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Founded in Weimar in 1919 by the German architect Walter Gropius (1883–1969), the main aim of the Bauhaus was to transform the physical world to express the interconnectedness of all artistic disciplines. The school was inspired by Expressionist art, the architectural designs of Frank Lloyd Wright, and the work of designer William Morris. The founders acted with the dream of bringing together artists and craftsmen. This movement encouraged collaboration between instructors and students in design studios and workshops.

In 1925 the institution moved to Dessau, and in 1932 it moved to Berlin. Unfortunately, due to Nazi pressure, the Bauhaus school was eventually closed. The Bauhaus movement advocated a geometric and abstract approach to design, devoid of strong emotions or historical references. His visual style still serves as a source of inspiration for architects, designers and artists.

Some important figures associated with the original Bauhaus include:

  • Walter Gropius: Gropius, the founder and first director of the Bauhaus, advocated uniting all art forms under one roof and that design should serve a social purpose.

  • Wassily Kandinsky: A famous painter and one of the school's early instructors, Kandinsky discovered abstract art and color theory and made major contributions to the artistic philosophy of the Bauhaus.

  • Paul Klee: Another important artist and Bauhaus teacher, Klee's work combined abstraction and expressionism and inspired students to explore new artistic approaches.

  • Ludwig Mies van der Rohe: Known as Mies, he succeeded Gropius and became a pioneering architect known for his minimalist and functional designs.

  • Marcel Breuer: An influential furniture designer and architect, Breuer's use of steel tubes in his furniture design has remained a symbol of the Bauhaus legacy.

The New European Bauhaus movement, launched by the European Commission in 2020, aims to revive the original Bauhaus spirit in the context of contemporary challenges, focusing on sustainability, climate action and how design, art and technology address social needs. Some important figures associated with this movement include:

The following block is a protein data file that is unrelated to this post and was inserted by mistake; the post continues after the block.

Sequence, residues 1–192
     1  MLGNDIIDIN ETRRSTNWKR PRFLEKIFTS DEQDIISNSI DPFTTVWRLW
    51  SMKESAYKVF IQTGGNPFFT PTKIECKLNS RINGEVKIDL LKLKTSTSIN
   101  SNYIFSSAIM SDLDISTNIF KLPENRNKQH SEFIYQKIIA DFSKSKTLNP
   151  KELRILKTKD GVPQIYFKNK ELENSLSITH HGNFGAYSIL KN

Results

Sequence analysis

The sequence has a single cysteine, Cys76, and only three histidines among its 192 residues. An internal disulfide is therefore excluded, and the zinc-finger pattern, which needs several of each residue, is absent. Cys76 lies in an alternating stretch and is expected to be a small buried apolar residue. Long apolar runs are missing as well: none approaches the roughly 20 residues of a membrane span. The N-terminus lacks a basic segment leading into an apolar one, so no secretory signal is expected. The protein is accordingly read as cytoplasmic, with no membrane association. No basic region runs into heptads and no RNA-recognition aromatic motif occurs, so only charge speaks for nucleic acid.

• Ursula von der Leyen: As President of the European Commission, von der Leyen played a key role in launching the New Europe Bauhaus initiative as part of the European Green Deal.

  • Mariya Gabriel: Mariya Gabriel serves as the European Commissioner for Innovation, Research, Culture, Education and Youth. He plays an important role in shaping the new European Bauhaus initiative.

  • Michel Barnier: Michel Barnier, a former European Commissioner, was appointed as Ursula von der Leyen's Special Adviser for the New European Bauhaus.

  • Roberto Viola: Roberto Viola took part in the New European Bauhaus project as Director General of DG Connect (European Commission Directorate-General for Communications Networks, Content and Technology).

  • Thierry Breton: As European Commissioner for the Internal Market, Breton played a key role in shaping the integration of design and sustainability.

The original Bauhaus and the New European Bauhaus movement both share a commitment to design, but differ in their contexts, goals, and the problems they address:

  • Focus: While the original Bauhaus focused on combining art and industry rather than specifically addressing contemporary issues such as sustainability and climate change, the New European Bauhaus emphasizes art and design in addressing social needs.

  • Context: The original Bauhaus was founded in Germany after World War I, while the New European Bauhaus is a European Union initiative aimed at promoting innovation and sustainable development in a globalizing world.

  • Technology: The New European Bauhaus makes more extensive use of 21st century technological advances, a reflection of the movement's technology-based approach.

In summary, both the original Bauhaus and the New European Bauhaus movements have roots in design and art, but differ in their contexts, goals, and the problems they address. The New European Bauhaus movement inherits the legacy of its predecessor by adapting its principles to the challenges of our time, especially those related to sustainability and climate action.

History of Bauhaus & NEB

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